In her acceptance speech for the Caldecott Medal Jones defined her idea of an artist: “I think of being an artist as an achievement I may work toward my whole life and even then not arrive. Though, I would like to be able to say, right out loud to myself on the morning of my 99th birthday, ‘Old girl, you are an artist.’”

Elizabeth Orton Jones died at the age of 94, on May 13, 2005, at Monadnock Community Hospital in Peterborough, New Hampshire.

From the guide to the Elizabeth Orton Jones papers, 1913-1980, (Special Collections and University Archives, University of Oregon Libraries)

Archival Resources
Role Title Holding Repository
creatorOf Elizabeth Orton Jones Papers, 1944-1955 University of Minnesota Libraries Children's Literature Research Collections [clrc]
creatorOf Jones, Elizabeth Orton, 1910-2005. What Miranda knew : production material, [1944?]. University of Minnesota, Minneapolis
creatorOf Blos, Joan W. Papers of the Melcher family [manuscript] 1785-1987. University of Virginia. Library
creatorOf Jones, Elizabeth Orton, 1910-2005. This is the way : prayers and precepts from world religions : production material, [1951?]. University of Minnesota, Minneapolis
creatorOf Jones, Elizabeth Orton, 1910-2005. Papers, 1913-1980. University of Oregon Libraries, UO Libraries
creatorOf Oral Memoirs of Elizabeth Orton Jones, 2004 Special Collections and University Archives, University of Oregon Libraries
creatorOf Jones, Elizabeth Orton, 1910-2005. A prayer for little things : production material, [1945?]. University of Minnesota, Minneapolis
creatorOf Jones, Elizabeth Orton, 1910-2005. Lullaby for eggs : a poem : production material, [1955?]. University of Minnesota, Minneapolis
creatorOf Jones, Elizabeth Orton, 1910-2005. Oral memoirs of Elizabeth Orton Jones, 2004. University of Oregon Libraries, UO Libraries
creatorOf Jones, Elizabeth Orton, 1910-2005. Prayer for a child : production material, [1944?]. University of Minnesota, Minneapolis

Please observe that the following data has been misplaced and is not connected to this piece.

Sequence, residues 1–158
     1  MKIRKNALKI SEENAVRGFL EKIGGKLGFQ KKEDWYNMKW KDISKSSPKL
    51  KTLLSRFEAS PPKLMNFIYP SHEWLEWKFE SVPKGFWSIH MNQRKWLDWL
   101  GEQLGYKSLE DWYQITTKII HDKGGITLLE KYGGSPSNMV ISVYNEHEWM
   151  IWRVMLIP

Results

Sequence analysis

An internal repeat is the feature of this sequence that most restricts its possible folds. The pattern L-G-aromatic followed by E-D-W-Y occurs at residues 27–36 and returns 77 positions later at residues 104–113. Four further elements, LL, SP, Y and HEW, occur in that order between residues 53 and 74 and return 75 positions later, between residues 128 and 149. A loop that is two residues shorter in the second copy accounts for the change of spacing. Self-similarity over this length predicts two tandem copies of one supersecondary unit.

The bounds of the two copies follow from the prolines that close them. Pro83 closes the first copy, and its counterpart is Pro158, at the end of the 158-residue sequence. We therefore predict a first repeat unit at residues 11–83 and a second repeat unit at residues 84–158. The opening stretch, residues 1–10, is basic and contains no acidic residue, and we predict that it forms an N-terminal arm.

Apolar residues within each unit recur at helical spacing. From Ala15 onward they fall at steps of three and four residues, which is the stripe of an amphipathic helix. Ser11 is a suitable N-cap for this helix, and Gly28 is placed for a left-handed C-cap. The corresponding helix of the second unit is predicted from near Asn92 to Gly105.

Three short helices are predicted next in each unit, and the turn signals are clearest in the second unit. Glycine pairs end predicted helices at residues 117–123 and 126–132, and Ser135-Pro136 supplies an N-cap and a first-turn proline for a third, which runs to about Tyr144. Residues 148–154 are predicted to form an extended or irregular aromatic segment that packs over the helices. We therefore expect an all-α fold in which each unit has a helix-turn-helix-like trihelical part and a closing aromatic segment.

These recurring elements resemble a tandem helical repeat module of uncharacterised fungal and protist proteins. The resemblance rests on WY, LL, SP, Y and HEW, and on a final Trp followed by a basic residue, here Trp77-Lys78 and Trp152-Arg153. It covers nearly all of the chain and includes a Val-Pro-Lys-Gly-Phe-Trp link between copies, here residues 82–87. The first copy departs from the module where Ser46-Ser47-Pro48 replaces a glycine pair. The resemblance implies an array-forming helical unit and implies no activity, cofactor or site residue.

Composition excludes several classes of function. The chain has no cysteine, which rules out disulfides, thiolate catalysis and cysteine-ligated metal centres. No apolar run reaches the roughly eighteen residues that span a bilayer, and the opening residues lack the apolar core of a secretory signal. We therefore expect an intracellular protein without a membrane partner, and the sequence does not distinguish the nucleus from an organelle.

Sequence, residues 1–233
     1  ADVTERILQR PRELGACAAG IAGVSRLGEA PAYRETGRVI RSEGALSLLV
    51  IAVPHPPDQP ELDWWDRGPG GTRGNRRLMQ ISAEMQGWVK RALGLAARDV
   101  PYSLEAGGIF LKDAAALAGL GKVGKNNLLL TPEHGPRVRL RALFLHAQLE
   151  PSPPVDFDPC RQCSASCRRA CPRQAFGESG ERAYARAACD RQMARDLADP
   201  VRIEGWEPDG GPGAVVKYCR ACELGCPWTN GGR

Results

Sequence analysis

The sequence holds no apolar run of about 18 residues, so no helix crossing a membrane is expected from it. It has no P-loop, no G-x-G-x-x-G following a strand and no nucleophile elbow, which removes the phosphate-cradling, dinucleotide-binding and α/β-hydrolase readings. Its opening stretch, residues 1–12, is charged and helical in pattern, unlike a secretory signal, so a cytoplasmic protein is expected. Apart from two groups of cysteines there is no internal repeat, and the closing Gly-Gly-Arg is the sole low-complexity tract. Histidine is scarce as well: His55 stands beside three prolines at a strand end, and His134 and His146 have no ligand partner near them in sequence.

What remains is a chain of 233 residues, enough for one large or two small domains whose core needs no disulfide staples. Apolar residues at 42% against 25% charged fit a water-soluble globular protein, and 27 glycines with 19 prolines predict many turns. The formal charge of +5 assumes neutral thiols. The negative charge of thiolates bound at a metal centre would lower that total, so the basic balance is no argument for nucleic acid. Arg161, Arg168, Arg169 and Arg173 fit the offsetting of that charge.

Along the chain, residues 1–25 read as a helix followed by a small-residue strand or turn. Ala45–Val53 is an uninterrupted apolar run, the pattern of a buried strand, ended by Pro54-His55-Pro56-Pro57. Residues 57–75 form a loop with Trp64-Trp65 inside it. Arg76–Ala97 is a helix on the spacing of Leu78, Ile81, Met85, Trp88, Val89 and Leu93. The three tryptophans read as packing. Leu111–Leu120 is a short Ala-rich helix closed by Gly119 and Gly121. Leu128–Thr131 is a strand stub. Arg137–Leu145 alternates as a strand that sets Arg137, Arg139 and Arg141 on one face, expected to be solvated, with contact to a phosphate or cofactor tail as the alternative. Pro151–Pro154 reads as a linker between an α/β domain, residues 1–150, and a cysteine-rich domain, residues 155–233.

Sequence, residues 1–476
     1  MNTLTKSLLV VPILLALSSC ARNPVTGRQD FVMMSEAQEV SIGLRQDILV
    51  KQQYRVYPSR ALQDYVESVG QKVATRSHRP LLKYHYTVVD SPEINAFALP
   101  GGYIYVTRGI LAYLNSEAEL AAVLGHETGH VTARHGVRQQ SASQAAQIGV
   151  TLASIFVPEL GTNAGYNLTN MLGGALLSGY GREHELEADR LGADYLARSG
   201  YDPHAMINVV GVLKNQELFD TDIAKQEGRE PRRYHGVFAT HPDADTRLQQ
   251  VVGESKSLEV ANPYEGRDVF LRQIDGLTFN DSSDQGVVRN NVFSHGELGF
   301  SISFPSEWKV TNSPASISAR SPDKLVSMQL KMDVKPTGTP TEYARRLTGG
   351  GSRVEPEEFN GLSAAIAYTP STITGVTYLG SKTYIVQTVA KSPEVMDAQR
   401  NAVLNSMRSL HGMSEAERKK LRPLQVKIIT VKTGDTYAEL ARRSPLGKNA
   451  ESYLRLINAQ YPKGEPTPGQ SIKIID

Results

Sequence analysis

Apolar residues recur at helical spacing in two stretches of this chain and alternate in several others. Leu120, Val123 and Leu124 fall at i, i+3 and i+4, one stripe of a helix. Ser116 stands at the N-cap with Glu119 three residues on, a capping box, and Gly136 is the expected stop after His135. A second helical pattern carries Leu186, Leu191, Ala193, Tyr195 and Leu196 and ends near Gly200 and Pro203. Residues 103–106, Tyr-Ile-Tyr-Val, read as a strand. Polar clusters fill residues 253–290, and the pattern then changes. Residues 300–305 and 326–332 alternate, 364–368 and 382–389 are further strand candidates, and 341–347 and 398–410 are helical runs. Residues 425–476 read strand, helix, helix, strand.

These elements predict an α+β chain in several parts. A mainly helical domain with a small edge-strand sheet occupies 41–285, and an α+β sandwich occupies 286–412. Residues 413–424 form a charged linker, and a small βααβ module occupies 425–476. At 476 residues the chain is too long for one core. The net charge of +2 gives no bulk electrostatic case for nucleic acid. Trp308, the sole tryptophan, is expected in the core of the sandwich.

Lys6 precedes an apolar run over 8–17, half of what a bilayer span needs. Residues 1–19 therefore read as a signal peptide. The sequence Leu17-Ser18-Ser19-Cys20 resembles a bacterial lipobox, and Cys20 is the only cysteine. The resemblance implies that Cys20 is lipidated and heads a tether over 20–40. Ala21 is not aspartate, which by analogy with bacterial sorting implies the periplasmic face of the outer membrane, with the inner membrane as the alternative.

creatorOf Jones, Elizabeth Orton, 1910-2005. Papers, 1944-1955. University of Minnesota, Minneapolis
referencedIn Hunt, Mabel Leigh, 1892-1971. Papers, 1941-1966. University of Minnesota, Minneapolis
creatorOf Elizabeth Orton Jones papers, 1913-1980 Special Collections and University Archives, University of Oregon Libraries
Role Title Holding Repository
Relation Name
associatedWith Adshead, Gladys L. person
associatedWith Bridgman, Elizabeth Klein, 1915- person
associatedWith Crotched Mountain (Rehabilitation center) corporateBody
associatedWith Dillon, Hannah person
associatedWith Dillon, Hannah. person
associatedWith Farjeon, Eleanor, 1881-1965 person
associatedWith Field, Rachel, 1894-1942 person
correspondedWith Hunt, Mabel Leigh, 1892-1971. person
associatedWith Jones, Jesse Orton. person
associatedWith Jones, Jessie Orton person
associatedWith Jones, Jessie Orton. person
associatedWith Knaus, Dorothy person
associatedWith Knaus, Dorothy. person
associatedWith Long, Linda, 1956- person
associatedWith McGreal, William. person
associatedWith Stoltenberg, Donald. person
associatedWith Unwin, Nora S. (Nora Spicer), 1907-1982. person
associatedWith Yates, Elizabeth, 1905-2001. person
Place Name Admin Code Country
United States
Subject
Women authors, American--20th century--Interviews
Religious literature--Collections
Illustrated children's books--United States
Women illustrators--Interviews
Women
Children's literature
Children's literature, American--Authorship
Birds--Eggs--Juvenile poetry
Fine Arts
Crotched Mountain (Rehabilitation center)
Literature
Publishers and Publishing
Cats--Fiction
Birds--Eggs--Poetry
Illustrated children's books
Angels--Fiction
Cats--Juvenile fiction
Angels--Juvenile fiction
Children--Prayer-books and devotions--English
Women illustrators--United States--Interviews
Children's literature, American
Prayer
Occupation
Illustrator
Function

Person

Birth 1910-06-25

Death 2005-05-10